Dense cities mean small homes. With more and more frequency we are forced to adapt to spaces within which some elements simply do not fit. As architects, these restrictions actually provide us with opportunities and remind us that our goal is to give precise solutions to specific problems. Designing with infinite number square meters and/or an unlimited budget is practically unheard of.
What's the key to accommodating everything? Let's review some effective storage solutions for minimum, tight spaces.
Designing the interior of an apartment when you have very little space to work with is certainly a challenge. We all know that a home should be as comfortable as possible for its inhabitants, but when we have only a few square meters to work with and the essential functions of the home to distribute, finding an efficient layout is not easy. Following our popular selection of houses under 100 square meters, we've gone one better: a selection of 26 floor plans between 20 and 50 square meters to inspire you in your own spatially-challenged designs.
Finding an efficient configuration for a small apartment is not an easy task. Basic housing programs should be distributed in minimal spaces without losing comfort. Below, we have made a selection of 10 apartments under 38 square meters to inspire you.
This August 19th is World Photo Day, which celebrates photography on the anniversary of the day on which France bought the patent for the daguerreotype, one of the earliest photographic processes, and released it to the world for free in 1839. At ArchDaily, we understand the importance of photography in architecture—not only as a tool for recording designs, but also as a discipline that many of us enjoy. To celebrate the occasion, we decided to reveal the most popular images ever published on ArchDaily, as selected by you, our readers. Using data gathered from My ArchDaily, we have ranked the 100 most-saved images from our database; read on to see them.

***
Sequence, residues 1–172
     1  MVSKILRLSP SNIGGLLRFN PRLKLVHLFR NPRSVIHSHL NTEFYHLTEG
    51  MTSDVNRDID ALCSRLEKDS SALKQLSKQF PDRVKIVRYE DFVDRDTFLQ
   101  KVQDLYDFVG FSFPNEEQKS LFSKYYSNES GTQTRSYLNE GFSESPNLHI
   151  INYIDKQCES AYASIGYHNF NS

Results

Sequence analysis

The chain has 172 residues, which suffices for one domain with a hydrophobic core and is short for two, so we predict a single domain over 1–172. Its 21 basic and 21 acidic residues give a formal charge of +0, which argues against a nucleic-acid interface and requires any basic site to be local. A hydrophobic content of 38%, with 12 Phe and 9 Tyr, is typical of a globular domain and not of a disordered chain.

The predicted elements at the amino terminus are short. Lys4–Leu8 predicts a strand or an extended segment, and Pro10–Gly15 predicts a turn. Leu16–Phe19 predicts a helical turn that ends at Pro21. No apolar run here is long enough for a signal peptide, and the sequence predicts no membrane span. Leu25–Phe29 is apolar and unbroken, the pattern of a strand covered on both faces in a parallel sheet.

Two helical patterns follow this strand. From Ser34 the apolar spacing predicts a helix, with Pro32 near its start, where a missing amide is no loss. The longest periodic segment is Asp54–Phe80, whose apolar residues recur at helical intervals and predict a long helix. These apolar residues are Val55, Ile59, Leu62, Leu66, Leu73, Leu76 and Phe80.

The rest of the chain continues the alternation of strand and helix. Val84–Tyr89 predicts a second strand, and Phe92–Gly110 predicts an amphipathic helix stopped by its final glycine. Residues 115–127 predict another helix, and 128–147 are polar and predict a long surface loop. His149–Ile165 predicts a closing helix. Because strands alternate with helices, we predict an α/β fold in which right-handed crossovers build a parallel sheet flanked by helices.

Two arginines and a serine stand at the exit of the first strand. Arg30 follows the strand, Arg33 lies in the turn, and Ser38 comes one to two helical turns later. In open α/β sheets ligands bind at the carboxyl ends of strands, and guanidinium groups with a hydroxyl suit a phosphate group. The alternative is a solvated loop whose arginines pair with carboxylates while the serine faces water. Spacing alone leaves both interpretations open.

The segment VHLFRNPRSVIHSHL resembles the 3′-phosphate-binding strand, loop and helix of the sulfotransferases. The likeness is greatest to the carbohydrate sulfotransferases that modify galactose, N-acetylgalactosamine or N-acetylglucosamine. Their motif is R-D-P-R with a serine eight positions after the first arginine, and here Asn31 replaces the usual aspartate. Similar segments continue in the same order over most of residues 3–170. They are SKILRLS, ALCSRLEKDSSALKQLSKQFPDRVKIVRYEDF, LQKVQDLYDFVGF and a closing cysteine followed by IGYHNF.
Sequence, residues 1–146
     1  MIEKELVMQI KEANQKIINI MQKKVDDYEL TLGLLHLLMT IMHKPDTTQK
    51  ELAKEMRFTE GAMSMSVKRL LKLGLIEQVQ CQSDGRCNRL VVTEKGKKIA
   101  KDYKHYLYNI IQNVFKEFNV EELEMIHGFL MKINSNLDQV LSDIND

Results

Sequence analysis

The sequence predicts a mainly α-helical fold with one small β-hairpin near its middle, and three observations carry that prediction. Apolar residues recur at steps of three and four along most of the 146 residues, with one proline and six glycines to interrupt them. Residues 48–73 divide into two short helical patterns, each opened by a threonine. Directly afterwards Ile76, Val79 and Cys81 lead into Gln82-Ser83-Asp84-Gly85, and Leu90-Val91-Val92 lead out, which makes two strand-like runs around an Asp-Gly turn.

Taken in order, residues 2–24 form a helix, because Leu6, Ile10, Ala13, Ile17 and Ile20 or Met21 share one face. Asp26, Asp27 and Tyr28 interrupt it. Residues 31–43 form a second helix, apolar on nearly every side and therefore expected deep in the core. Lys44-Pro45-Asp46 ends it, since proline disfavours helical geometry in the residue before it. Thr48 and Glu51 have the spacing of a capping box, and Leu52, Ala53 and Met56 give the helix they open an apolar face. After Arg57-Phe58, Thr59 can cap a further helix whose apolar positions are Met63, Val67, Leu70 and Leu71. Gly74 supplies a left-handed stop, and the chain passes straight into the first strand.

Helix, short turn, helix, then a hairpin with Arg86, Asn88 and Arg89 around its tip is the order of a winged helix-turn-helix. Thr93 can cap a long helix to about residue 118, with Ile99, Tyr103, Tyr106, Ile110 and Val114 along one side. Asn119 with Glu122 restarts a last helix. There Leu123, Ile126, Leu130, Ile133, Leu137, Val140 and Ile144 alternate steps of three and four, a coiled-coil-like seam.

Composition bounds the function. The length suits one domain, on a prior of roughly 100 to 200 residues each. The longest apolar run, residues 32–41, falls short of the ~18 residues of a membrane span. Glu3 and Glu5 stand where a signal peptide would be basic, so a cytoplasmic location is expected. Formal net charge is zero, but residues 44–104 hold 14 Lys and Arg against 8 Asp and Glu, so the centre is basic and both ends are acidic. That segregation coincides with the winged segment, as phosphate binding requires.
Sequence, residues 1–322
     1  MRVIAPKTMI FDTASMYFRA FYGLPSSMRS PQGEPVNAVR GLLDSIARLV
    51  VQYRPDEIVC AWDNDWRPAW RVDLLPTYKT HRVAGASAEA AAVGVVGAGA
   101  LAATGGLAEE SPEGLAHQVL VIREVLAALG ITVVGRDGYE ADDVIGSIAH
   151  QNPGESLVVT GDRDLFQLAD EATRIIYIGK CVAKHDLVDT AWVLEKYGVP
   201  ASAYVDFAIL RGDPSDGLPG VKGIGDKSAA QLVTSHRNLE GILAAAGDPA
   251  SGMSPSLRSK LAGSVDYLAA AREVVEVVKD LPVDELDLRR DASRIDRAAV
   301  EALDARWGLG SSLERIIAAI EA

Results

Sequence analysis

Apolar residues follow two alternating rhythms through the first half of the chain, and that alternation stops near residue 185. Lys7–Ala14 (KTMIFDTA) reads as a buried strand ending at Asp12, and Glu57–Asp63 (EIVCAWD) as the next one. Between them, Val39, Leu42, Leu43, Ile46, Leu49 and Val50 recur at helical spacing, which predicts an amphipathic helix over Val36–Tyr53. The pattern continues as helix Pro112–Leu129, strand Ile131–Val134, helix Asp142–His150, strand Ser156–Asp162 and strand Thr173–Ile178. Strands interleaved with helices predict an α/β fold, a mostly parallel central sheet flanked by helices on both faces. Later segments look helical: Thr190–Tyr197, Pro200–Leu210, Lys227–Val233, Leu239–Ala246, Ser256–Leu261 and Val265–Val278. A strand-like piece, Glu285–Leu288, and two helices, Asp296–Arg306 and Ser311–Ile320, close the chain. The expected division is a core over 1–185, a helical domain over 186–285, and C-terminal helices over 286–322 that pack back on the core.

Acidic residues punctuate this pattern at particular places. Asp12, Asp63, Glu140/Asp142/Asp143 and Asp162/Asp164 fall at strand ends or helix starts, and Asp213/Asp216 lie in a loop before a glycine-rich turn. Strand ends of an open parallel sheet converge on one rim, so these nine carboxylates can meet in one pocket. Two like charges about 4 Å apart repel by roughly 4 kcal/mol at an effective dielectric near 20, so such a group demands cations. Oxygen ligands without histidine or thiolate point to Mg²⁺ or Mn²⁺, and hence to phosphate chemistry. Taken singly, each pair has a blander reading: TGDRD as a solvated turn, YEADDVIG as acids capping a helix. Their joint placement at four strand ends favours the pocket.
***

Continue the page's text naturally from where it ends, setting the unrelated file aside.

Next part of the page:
North light, south light, warm light and cool light – the diversity of skylights mean they can illuminate any space. Both a window and a ceiling, the hybrid nature of a skylight enables it to be a key element used in architectural spaces. The cool light of a north skylight is instrumental in creating a space to focus and work, while its south-facing counterpart lights up a space with that golden glow. Through its flexibility also come opportunities for expression, from its shape to its angle. Is a skylight a ribbon weaving through a roof panel? Or is it a series of dotted openings creating a mosaic of daylight on the floor? Check out these 16 examples of contemporary spaces lit by this key element below: